My findings are based on evidence – ombudsman
Damning report on mentally ill pieces together testimony of 73 witnesses
IF THERE’S one thing Professor Malegapuru Makgoba knows about himself, it’s that he’s a good listener. As a trained physician, he has to be.
For the health ombudsman’s damning investigation into the “chaotic” Life Esidimeni transfer, he sat down with 73 witnesses – families of the deceased, government officials, hospital officials, implicated NGOs and non-profits seeking justice, listening to their individual testimony.
“People don’t realise I’m a trained physician. I understand the art of listening to people tell stories. Through those stories, you go to the heart of the problem. You just have to listen well enough,” he said.
In his investigation into Life Esidimeni, there were a number of witnesses to listen to. “I was listening to 14 relatives of the deceased, 14 people from NGOs, 25 people from the Gauteng Health Department and nine from Life Esidimeni, and others.
“As Sir William Osler (an Oxford University physician) said: ‘Listen to your patient. He or she is telling you their diagnosis.’ Listening is my bread and butter.”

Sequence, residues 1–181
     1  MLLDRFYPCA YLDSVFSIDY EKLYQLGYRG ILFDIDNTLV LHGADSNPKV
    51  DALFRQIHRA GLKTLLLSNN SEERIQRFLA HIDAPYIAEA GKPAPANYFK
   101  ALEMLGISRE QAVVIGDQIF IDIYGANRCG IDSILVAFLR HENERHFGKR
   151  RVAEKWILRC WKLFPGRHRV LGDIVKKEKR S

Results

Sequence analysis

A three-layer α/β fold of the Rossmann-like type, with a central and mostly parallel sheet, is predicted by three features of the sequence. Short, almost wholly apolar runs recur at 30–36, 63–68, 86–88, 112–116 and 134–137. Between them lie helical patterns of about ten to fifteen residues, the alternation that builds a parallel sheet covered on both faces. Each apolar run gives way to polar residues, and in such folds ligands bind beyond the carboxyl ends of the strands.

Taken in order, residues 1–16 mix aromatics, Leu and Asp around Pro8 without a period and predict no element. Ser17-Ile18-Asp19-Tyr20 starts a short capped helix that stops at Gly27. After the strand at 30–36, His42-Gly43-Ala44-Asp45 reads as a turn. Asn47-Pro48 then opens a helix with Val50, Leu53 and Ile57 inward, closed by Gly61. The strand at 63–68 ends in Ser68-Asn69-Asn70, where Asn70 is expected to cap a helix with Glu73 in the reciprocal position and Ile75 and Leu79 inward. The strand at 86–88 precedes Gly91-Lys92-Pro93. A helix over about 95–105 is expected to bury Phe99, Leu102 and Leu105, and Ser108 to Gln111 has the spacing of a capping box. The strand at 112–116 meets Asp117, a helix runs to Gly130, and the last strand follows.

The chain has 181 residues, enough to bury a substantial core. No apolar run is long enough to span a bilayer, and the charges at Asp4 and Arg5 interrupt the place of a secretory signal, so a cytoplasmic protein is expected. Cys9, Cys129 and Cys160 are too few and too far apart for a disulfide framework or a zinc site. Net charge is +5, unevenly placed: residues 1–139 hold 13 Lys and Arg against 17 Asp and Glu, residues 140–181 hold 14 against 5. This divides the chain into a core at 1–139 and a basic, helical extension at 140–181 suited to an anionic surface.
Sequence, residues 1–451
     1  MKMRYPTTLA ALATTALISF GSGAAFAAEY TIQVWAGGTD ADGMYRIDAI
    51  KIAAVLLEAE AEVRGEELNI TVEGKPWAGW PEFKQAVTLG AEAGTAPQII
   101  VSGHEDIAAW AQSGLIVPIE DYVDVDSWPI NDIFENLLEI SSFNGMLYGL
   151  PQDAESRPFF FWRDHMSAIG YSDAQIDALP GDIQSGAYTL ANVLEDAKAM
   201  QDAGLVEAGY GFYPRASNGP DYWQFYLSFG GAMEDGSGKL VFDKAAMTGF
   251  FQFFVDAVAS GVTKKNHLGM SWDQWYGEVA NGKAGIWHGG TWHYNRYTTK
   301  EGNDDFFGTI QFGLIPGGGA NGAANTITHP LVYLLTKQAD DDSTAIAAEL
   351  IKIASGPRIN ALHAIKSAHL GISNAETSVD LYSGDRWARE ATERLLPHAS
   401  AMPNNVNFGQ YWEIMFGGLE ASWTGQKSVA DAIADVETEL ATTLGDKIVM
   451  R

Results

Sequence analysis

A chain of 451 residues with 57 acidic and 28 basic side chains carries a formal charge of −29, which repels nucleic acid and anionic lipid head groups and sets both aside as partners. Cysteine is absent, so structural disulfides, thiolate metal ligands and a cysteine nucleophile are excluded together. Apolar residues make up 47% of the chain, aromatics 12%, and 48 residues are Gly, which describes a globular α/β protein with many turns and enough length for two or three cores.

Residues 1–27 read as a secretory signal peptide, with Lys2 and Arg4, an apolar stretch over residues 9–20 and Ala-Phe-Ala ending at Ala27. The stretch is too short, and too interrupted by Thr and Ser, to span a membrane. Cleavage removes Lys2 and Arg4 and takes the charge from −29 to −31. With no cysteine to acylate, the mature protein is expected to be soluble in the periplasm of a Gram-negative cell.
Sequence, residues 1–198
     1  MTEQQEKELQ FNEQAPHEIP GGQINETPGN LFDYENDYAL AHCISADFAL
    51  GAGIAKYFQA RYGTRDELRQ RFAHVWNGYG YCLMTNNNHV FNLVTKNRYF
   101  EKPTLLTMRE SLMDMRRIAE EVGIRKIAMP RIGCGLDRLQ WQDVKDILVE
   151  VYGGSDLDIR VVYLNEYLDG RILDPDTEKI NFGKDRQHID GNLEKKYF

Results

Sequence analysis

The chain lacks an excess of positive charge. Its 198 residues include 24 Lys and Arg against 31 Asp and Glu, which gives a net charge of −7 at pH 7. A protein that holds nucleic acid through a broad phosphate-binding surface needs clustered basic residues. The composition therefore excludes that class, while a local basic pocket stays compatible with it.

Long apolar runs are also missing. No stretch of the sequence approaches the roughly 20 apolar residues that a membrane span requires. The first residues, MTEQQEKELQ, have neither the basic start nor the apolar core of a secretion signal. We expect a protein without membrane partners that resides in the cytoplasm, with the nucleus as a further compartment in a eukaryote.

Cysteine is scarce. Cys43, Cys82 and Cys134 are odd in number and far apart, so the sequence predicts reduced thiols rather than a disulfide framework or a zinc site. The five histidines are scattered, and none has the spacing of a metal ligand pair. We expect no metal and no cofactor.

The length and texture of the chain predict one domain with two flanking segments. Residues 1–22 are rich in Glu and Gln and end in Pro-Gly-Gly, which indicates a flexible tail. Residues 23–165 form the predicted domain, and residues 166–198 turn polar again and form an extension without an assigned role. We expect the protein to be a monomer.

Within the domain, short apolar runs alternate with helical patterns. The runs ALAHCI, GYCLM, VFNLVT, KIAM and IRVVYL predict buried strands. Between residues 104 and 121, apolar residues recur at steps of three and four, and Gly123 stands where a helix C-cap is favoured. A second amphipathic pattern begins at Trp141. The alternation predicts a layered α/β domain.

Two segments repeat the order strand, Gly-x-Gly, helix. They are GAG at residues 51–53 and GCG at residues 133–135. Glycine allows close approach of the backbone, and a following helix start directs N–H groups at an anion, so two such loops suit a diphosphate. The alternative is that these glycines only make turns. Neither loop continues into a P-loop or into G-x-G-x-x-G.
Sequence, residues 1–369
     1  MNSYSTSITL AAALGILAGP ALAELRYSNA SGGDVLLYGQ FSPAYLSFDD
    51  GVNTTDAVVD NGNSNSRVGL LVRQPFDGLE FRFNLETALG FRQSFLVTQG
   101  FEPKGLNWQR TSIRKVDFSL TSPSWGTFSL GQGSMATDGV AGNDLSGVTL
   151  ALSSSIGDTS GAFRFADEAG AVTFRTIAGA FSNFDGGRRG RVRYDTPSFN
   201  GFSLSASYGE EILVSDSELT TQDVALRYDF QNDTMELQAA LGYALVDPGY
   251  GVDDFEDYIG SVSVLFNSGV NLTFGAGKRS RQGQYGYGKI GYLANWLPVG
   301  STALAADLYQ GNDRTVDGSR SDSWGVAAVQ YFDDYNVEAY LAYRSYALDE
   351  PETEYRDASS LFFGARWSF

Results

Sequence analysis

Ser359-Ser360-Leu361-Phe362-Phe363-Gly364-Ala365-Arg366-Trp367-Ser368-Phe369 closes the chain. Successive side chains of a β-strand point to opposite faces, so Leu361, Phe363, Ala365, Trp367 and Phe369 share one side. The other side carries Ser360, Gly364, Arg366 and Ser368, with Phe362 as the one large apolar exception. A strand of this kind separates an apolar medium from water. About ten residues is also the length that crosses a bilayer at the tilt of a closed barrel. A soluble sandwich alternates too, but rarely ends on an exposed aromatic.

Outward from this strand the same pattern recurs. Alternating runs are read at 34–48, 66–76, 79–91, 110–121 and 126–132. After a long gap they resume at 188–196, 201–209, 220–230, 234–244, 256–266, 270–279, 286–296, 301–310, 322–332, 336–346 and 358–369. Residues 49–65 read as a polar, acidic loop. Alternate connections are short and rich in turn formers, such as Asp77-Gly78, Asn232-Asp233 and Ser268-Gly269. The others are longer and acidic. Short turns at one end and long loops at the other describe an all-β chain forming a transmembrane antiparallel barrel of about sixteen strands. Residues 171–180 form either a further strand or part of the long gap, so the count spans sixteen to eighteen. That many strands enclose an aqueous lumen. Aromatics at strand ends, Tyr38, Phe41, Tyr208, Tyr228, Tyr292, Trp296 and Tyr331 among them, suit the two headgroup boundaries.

Makgoba’s damning report revealed that 94 mentally ill patients died from hunger, dehydration and lack of care following the controversial decision by the Gauteng health department to transfer 2 000 patients from various Life Esidimeni care homes, where they were receiving highly specialised chronic psychiatric care last year.
They were moved to 27 unlicensed NGOs, families and psychiatric hospitals, to save money and to de-institutionalise the mentally ill.
While some commentators have said the case was Makgoba’s “trial of fire” as the country’s first health ombudsman, his investigation was never about courage, nor fear of powerful politicians, he said.
Makgoba, 66, is a professor emeritus and the retired vice-chancellor of the University of KwaZuluNatal, whose c areer has helped direct SA’s policies on health. He holds a doctorate of philosophy in human immunogenetics from Oxford University and has the experience necessary to listen and put evidence together.
There was nothing unusual about the Life Esidimeni case that he hadn’t investigated before. “I’m a medical scientist. I’ve done research all my life. I’ve done so many investigations from 1980 and have done research at the best places in the world.
“I understand the process of investigating and the research so I was doing this investigation with the preparation I had for years.
“It was never about who I was dealing with. It was to investigate the circumstances surrounding the deaths of mentally ill patients. As scientists our conclusions are guided by evidence.”